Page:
A lot has happened since this bike last graced my workstand. I’ve just checked through my posts and I last mentioned it in July 2017. Lots of frames have come since then and life itself has generally been busy, so SB1861 was moved to a spare room to wait patiently for another time.
I’m gradually working my way through the snagging list on SB4059, all those little jobs that I know about and that require attention are slowly getting done. Not so long ago I swapped the original Campagnolo grey outer brake cables for original Campagnolo black alternatives, and I also updated some of the frame transfers so that SB4059 correctly reflected the 1980 TI-Raleigh scheme. This time I’m repairing the threaded seat lug so that I can fit a correct and original SBDU threaded bolt.
I currently have six or seven or maybe even eight or more projects and builds happening at the moment. But lots of projects means lots of money, and that is something that is thin on the ground at the moment. Shhh… I’ve been saving for something rather nice so my funds have been temporarily diverted! As well as a lack of available funds, there has also been a lack of nice warm weather – it seems like it has been such a long winter. It’s been so cold and snowy which has meant the garage where I normally apply a little bit of paint has been out of bounds until now. But spring seems to have sprung, the weather has turned and as there appears to be a touch of heat in the air, it is time to divert some of my attention back to my SB6560 project.
Following the change of cables on SB4059 there is now only one thing that I need to do, one more thing to sort out, one more thing that has bugged me the most about this build over the last couple of years. The one thing I’m talking about just happens to be SB4059 itself! Yes, the frame that all the bits hang from.
Sometimes my plans for builds go smoothly and sometimes those plans stall and start to back up. I started the rebuild of SB1861 a little while ago when I brought some gleaming shine back to the original paint. But since then, I’ve had a few new frames join the collection, and they jumped straight to the front of the queue. SB518, SB8851 and SB664 have all arrived, they’ve been photographed, documented and blogged about, so now it is time to clamp SB1861 back into the work stand and get this original 1977 SBDU bike back on the road.
Back at the beginning of May, I had a weekend of frame repairs! SB4409 had new transfers and a bit of clear coat, while SB6560 had new gear lever bosses brazed into place. Before I tidied up and put the files away, I thought I’d squeeze in one more project; SB632. This is a special little frame that has had a modification at some point in its life to add a gear hanger and increase the thickness of the rear track ends to accommodate road wheels and gearing. This is the first step to restoring SB632 back to how it was originally.
I’ve been itching to take this bike to pieces and to get my first good look at the detail of this frame and today was the day. I purposely haven’t taken many photos of the stripdown process as my hands are usually too oily and dirty to handle the camera, Karen would not be happy if I got oil and grease on the camera kit! But don’t worry, there are still lots of images and there will be lots more when I come to put this little bike back together.
Bikes do not get more original than this! Original owner, original paint and original components. After a 500 mile round trip, SB1861 is on the workbench.
SB1861 dates to late 1977/early 1978 (there will be more on the date in the next post); it is built from Reynolds 531 Double Butted tubing with all the features you would expect for this era 531 SBDU Ilkeston frame. Original frames like this are so important for confirming paint and features on my SBDU timeline.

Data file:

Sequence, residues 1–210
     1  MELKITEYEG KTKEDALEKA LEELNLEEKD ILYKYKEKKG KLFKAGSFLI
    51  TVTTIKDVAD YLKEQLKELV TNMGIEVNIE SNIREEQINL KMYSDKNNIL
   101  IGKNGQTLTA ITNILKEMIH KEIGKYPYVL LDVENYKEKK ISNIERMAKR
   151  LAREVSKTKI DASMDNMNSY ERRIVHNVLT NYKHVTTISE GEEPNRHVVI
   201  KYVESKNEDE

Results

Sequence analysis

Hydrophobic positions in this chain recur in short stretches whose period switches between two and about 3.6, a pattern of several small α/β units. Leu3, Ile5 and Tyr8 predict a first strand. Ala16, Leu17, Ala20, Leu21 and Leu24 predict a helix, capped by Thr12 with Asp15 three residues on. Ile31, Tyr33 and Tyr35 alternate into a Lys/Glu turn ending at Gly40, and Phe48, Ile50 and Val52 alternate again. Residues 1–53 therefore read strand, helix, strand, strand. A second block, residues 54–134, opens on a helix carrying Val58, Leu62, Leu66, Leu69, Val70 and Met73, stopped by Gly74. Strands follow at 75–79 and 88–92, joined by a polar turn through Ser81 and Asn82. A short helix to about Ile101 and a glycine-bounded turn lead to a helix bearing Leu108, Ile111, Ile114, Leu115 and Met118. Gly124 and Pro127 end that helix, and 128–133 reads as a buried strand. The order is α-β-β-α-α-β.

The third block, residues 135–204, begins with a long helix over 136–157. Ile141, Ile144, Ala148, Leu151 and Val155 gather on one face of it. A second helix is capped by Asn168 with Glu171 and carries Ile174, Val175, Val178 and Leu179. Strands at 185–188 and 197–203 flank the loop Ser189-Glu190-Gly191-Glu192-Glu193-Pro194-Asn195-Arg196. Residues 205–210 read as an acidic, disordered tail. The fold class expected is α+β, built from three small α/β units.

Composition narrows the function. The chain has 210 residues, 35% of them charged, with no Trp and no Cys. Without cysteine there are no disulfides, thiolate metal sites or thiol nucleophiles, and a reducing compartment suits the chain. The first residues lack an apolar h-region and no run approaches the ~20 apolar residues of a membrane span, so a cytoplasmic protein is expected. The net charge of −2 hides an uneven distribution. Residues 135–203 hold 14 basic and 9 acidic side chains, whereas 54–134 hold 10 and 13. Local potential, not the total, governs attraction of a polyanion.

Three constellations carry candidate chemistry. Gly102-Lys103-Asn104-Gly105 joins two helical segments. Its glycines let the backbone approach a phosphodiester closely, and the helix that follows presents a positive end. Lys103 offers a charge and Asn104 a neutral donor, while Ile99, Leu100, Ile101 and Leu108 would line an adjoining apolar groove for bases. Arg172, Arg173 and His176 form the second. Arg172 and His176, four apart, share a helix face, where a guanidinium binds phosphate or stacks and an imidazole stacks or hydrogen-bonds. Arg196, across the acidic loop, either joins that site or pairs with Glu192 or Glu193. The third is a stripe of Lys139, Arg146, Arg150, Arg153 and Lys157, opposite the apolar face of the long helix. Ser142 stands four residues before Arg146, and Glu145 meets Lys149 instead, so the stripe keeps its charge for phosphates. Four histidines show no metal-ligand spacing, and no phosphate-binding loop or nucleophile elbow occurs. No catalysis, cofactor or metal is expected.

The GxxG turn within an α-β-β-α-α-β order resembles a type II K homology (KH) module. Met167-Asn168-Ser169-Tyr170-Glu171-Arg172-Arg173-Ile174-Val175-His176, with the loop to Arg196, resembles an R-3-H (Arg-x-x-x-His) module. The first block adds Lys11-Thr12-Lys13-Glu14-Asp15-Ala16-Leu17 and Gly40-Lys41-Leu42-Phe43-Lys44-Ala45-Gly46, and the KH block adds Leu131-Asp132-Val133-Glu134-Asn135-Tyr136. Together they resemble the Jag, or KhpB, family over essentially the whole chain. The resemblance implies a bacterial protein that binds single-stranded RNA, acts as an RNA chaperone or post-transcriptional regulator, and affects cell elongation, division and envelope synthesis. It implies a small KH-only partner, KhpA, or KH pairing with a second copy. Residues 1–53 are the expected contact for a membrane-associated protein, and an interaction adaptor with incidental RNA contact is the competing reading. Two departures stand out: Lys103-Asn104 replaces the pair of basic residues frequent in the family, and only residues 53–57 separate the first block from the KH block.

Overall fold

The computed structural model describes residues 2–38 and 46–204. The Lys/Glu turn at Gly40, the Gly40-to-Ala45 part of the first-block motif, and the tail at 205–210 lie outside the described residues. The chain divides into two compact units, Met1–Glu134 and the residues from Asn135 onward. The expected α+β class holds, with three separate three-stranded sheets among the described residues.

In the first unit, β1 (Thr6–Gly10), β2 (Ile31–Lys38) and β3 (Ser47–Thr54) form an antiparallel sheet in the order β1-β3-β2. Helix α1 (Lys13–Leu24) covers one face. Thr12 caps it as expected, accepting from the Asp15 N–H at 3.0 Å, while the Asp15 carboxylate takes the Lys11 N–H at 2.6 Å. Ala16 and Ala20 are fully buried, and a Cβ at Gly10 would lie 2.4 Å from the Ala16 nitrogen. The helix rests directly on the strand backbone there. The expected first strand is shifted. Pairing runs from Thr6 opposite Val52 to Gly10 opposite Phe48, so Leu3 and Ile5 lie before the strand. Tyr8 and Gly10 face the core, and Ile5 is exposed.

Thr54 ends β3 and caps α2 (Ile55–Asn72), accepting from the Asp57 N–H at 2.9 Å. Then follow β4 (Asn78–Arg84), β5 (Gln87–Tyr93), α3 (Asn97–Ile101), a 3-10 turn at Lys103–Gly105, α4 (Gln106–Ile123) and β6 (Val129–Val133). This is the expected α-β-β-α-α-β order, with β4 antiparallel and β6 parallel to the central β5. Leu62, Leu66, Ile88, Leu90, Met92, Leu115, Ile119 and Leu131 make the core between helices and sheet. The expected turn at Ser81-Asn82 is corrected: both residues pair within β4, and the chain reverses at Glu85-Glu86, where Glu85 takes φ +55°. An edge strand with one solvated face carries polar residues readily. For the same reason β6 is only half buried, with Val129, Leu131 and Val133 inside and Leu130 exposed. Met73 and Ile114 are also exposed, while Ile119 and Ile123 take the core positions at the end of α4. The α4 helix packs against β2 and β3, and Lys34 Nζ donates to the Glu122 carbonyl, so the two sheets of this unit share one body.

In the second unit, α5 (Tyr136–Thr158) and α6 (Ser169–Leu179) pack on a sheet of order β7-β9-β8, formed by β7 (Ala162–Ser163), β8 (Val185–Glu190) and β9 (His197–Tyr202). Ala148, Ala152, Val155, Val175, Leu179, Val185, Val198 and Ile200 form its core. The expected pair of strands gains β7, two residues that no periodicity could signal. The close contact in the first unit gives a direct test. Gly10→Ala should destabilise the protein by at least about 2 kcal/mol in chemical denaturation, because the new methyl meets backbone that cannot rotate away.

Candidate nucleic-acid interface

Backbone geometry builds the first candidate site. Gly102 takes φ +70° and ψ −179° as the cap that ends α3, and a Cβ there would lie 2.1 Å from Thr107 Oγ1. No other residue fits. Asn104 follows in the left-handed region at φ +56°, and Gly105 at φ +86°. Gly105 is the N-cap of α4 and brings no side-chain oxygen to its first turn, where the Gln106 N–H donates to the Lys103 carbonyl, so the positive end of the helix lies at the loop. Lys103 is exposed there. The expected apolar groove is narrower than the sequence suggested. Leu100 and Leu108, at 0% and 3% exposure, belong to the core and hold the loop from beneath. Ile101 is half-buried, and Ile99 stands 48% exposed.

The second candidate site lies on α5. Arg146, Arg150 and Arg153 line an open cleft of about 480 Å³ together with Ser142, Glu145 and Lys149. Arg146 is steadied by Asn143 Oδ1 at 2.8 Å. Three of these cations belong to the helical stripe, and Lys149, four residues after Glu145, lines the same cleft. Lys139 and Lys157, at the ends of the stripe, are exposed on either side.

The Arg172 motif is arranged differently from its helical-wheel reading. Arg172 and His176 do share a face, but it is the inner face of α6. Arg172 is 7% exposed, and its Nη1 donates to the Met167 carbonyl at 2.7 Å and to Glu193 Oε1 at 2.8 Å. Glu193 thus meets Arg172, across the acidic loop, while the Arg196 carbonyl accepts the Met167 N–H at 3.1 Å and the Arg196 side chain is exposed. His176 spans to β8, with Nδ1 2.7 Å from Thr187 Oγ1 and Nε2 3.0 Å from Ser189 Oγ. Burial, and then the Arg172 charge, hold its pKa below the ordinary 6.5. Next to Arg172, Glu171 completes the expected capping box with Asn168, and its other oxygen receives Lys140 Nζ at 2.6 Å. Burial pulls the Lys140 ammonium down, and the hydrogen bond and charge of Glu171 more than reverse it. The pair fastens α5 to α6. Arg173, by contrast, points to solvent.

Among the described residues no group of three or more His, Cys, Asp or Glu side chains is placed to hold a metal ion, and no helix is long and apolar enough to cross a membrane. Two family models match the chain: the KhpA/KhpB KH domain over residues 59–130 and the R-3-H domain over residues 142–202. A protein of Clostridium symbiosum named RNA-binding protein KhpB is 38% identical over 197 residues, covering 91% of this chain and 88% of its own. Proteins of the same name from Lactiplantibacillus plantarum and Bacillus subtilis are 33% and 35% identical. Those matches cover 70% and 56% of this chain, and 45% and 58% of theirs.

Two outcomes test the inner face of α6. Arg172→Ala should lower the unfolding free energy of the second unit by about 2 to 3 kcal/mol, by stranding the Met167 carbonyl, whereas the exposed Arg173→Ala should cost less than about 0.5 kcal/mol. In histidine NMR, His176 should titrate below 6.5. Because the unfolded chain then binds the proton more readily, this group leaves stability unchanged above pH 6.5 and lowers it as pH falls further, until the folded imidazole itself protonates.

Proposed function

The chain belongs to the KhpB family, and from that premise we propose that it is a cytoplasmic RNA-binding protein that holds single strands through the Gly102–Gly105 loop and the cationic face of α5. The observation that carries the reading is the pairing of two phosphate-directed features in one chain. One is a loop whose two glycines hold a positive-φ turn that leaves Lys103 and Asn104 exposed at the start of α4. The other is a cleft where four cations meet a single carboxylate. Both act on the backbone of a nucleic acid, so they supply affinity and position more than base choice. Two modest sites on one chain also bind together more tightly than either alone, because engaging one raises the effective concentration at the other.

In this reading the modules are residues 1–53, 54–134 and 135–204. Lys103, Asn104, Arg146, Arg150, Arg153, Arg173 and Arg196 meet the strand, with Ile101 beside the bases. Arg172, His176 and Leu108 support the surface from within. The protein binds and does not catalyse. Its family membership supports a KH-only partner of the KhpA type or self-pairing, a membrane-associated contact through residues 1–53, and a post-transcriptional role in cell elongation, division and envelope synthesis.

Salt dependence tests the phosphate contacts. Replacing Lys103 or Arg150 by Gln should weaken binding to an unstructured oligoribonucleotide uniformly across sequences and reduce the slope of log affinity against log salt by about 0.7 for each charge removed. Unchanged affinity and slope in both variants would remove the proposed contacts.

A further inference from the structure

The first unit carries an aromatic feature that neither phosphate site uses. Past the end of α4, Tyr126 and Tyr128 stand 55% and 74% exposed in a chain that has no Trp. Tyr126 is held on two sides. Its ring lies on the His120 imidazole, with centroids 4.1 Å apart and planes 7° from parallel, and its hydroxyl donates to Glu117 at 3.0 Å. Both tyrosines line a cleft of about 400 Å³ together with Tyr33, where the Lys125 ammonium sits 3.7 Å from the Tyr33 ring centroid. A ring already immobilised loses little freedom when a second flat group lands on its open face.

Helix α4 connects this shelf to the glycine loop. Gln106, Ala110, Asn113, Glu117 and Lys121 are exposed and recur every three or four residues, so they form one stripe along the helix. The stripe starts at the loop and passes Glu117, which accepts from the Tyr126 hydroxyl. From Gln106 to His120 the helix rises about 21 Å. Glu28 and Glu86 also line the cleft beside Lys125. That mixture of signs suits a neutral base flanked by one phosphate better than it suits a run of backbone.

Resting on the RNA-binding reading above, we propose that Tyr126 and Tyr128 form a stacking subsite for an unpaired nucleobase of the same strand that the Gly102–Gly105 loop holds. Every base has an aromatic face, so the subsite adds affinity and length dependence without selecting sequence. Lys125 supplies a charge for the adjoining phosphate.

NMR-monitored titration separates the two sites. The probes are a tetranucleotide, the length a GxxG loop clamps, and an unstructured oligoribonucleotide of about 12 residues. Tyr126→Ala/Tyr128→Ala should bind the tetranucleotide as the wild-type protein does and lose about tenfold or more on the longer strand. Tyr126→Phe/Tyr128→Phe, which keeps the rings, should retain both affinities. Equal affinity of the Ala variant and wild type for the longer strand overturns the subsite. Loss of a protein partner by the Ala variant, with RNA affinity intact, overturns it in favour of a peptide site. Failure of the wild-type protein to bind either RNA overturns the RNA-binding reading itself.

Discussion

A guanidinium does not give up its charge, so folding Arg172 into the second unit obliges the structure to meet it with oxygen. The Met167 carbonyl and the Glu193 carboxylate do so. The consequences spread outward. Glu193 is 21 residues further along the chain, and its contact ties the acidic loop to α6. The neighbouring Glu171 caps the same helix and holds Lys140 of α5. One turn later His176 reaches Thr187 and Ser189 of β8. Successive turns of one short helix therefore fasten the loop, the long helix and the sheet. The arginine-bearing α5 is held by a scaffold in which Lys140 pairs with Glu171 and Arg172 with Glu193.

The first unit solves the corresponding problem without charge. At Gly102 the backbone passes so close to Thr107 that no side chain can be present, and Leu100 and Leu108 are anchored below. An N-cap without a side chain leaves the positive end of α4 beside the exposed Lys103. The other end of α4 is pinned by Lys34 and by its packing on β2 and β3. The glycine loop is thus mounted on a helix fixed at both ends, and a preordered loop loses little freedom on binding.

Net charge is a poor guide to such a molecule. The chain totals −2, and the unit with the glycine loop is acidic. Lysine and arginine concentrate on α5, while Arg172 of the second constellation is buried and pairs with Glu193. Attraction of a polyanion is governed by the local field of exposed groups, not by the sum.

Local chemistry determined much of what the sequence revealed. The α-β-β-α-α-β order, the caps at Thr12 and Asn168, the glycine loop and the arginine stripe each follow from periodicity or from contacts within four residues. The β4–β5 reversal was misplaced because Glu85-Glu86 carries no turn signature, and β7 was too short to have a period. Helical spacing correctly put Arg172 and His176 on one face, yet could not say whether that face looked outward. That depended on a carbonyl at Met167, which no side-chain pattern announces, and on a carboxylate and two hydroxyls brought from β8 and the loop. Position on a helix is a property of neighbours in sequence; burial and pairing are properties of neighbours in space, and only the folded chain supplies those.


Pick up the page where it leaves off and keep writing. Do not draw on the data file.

The Easter weekend has given me some free time so I decided to work on a couple of projects. SB4409 was the first frame to get some attention. It’s been sitting in the workshop for a few weeks while I continue to look at the amazing profile of these unique 753 oval tubes. The colour has grown on me too and it is now time to return the transfer scheme back to original.
Over the last couple of years the amount of people seeking anything painted black red and yellow has spiralled. So many Raleigh frames are getting a fresh coat of paint and transformed into the colours of the TI-Raleigh team. Some are done well while some are… well, some are just really lacking. Looking to copy the TI-Raleigh scheme is not necessarily a bad thing, after all, the TI-Raleigh team are legendary in cycling and the colours are famed. But for me, I’ve always celebrated the history of the SB bike and the craftsmanship of the unit more than the team and the colours. After all, the TI-Raleigh scheme was just one of the many options produced by the SBDU. So should you preserve, restore or renovate your frame?
All of the 50th Anniversary parts that I’ve carefully and patiently cleaned over the last couple of weeks have been re-united with the SBDU Ilkeston 753R frame that they came from. I’ve had a few things on lately so it has taken a little while to get focused on this build again, but all the prep and cleaning has meant a quick and painless build.
I’m well on the way to getting every part of this build back to their very best. Part three was all about the components of the 50th anniversary group, and putting the shine back onto them. There were two main components that I left out of that post, they were the hubs and the brake levers – the bar tape and brake lever hoods have made me think the most, leaving me in a bit of a quandary.
Part three is here..! That means I finally get to work with the Campagnolo Super Record 50th Anniversary group.
Part one was frame prep, the foundation of the build. Part two was fitting the head set and bottom bracket; joining the frame and forks together, the starting point to which all other parts are fitted.